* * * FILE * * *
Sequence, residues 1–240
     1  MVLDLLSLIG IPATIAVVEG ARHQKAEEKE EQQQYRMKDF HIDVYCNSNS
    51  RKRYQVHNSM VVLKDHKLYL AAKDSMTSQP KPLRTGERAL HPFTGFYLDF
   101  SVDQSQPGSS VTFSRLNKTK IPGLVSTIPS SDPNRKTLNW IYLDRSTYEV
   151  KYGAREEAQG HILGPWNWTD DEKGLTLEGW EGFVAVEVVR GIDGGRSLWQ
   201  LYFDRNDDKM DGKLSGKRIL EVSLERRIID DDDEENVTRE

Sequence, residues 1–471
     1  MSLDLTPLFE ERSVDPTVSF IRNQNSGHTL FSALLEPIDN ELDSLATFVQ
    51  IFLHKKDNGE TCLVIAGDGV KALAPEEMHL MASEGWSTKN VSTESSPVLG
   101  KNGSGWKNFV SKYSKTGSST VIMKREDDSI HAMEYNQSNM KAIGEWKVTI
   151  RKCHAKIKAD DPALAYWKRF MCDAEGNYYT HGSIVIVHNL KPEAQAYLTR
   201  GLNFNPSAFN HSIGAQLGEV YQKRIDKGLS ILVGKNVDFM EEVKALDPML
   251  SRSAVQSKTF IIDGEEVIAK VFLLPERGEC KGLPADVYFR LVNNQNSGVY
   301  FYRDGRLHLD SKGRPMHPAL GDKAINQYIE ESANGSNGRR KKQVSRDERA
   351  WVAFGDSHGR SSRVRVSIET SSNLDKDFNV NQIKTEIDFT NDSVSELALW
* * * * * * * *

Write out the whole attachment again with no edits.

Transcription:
Sequence, residues 1–240
     1  MVLDLLSLIG IPATIAVVEG ARHQKAEEKE EQQQYRMKDF HIDVYCNSNS
    51  RKRYQVHNSM VVLKDHKLYL AAKDSMTSQP KPLRTGERAL HPFTGFYLDF
   101  SVDQSQPGSS VTFSRLNKTK IPGLVSTIPS SDPNRKTLNW IYLDRSTYEV
   151  KYGAREEAQG HILGPWNWTD DEKGLTLEGW EGFVAVEVVR GIDGGRSLWQ
   201  LYFDRNDDKM DGKLSGKRIL EVSLERRIID DDDEENVTRE

Sequence, residues 1–471
     1  MSLDLTPLFE ERSVDPTVSF IRNQNSGHTL FSALLEPIDN ELDSLATFVQ
    51  IFLHKKDNGE TCLVIAGDGV KALAPEEMHL MASEGWSTKN VSTESSPVLG
   101  KNGSGWKNFV SKYSKTGSST VIMKREDDSI HAMEYNQSNM KAIGEWKVTI
   151  RKCHAKIKAD DPALAYWKRF MCDAEGNYYT HGSIVIVHNL KPEAQAYLTR
   201  GLNFNPSAFN HSIGAQLGEV YQKRIDKGLS ILVGKNVDFM EEVKALDPML
   251  SRSAVQSKTF IIDGEEVIAK VFLLPERGEC KGLPADVYFR LVNNQNSGVY
   301  FYRDGRLHLD SKGRPMHPAL GDKAINQYIE ESANGSNGRR KKQVSRDERA
   351  WVAFGDSHGR SSRVRVSIET SSNLDKDFNV NQIKTEIDFT NDSVSELALW